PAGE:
## Another one

Advanced methods and approaches for solving Sudoku puzzles

### Another one

Right, I feel frustrated to generate a Sudoku matrix manually. this will be the final one I try to generate. And it is asymmetric. Thanks for Scrose's very quick solution and thanks for Nick solving the previous one using forcing chain. Presumably this one will surely be solved by the same technique. I start to feel bored of the logic. It seems to me that a kind of chain will have to be established to solve this kind of things at the end of the day. And I feel that it may never need "try and error" to solve it given a logic like forcing chain. Based on this, I feel that it isn't worthy for people to think more about the transformation of the matrix, if the information is linked with each other, the transformation won't solve this and give a more systematic solution. However, the above is my personal view. Hope to hear some exciting news about Sudoku soon.

...|35.|..9
.67|...|...
...|..8|4..
-----------
.31|8..|...
.4.|7.6|.9.
...|..1|73.
-----------
..3|6..|...
...|...|81.
8..|.74|.6.

Posts: 62
Joined: 15 July 2005

I'm not sure if I'm applying double forcing chains correctly, but here goes...

Code: Select all
` {14}   {18}   {48}   | 3      5      7      | 6      2      9       {29}   6      7      | 4      1      {29}   | {35}   8      {35}    3      {259}  {259}  | {29}   6      8      | 4      7      1      ----------------------+----------------------+---------------------- 7      3      1      | 8      {49}   {59}   | 2      {45}   6       {25}   4      {258}  | 7      3      6      | 1      9      {58}    {569}  {589}  {5689} | {25}   {24}   1      | 7      3      {458}  ----------------------+----------------------+---------------------- {124}  {127}  3      | 6      8      {25}   | 9      {45}   {247}   {2456} {257}  {2456} | {259}  {29}   3      | 8      1      {2457}  8      {259}  {259}  | 1      7      4      | {35}   6      {235}  (7,6)=2 =>            (2,6)=9 => (3,4)=2 =>            (6,4)=5(7,6)=5 => (4,6)=9 => (2,6)=2 => (3,4)=9 => (8,4)=2 => (6,4)=5`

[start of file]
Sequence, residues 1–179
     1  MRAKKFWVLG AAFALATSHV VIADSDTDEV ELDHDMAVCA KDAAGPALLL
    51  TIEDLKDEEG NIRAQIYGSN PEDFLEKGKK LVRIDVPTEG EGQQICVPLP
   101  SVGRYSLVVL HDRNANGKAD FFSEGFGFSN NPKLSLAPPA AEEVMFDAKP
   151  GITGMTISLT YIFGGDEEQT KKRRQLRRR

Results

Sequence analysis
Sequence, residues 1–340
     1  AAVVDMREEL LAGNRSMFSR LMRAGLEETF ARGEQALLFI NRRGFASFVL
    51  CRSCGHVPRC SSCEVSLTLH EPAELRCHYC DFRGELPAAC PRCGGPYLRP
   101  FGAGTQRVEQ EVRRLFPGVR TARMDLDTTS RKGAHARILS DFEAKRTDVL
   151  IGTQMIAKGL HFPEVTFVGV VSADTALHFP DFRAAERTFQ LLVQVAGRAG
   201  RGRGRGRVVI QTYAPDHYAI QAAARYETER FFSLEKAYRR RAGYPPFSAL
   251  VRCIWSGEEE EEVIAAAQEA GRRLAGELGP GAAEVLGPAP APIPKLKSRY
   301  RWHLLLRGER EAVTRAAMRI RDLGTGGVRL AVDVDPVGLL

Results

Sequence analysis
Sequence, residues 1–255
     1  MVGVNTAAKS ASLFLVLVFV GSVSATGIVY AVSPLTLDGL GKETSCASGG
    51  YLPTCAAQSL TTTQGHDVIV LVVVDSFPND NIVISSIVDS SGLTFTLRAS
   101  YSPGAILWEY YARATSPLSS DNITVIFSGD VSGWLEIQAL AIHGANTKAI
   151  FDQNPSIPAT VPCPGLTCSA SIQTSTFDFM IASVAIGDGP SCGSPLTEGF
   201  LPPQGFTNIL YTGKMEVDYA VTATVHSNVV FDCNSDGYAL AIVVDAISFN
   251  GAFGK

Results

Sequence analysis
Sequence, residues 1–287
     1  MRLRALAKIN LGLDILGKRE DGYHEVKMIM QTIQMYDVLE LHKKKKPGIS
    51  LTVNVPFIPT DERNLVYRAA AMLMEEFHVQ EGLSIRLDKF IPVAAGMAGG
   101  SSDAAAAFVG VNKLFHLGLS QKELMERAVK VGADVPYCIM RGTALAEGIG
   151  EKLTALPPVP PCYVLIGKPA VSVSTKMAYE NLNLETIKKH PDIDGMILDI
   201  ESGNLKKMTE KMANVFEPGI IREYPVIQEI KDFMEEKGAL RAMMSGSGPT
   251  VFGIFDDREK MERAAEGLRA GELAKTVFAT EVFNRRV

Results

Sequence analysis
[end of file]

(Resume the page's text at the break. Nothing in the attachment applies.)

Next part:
scrose

Posts: 322
Joined: 31 May 2005

scrose wrote:
Code: Select all
`(7,6)=2 =>            (2,6)=9 => (3,4)=2 =>            (6,4)=5(7,6)=5 => (4,6)=9 => (2,6)=2 => (3,4)=9 => (8,4)=2 => (6,4)=5`

Well, this isn't a "clean" double forcing chain, because one step in the second one ((3,4)=9 => (8,4)=2) relies on the previous move (7,6)=5.

But you can make it much simpler:

Code: Select all
`(7,6)=2 => (2,6)=9 => (3,4)=2 => (6,4)=5(7,6)=5 => (4,6)=9 => (6,4)=5`

Formally, the chains are actually:

Code: Select all
`(7,6)=2 => (2,6)<>2 => (3,4)=2 => (6,4)<>2 => (6,4)=5(7,6)=5 => (4,6)<>5 => (6,4)=5`

Which isn't a minimal chain, because a nice property of double forcing chains is that the minimal ones have two paths of the same length.

You can easily balance it this way:

Code: Select all
`(2,6)<>2 => (3,4)=2 => (6,4)<>2 => (6,4)=5(2,6)<>9 => (4,6)=9 => (4,6)<>5 => (6,4)=5`

My program had found a different minimal chain:

Code: Select all
`(4,6)<>5 => (4,6)=9 => (4,5)<>9 => (8,5)=9(7,6)<>5 => (7,6)=2 => (8,5)<>2 => (8,5)=9`
Nick70

Posts: 156
Joined: 16 June 2005

Eureka! Your detailed explanation really helped me understand how double forcing chains work. Thank you very much!
scrose

Posts: 322
Joined: 31 May 2005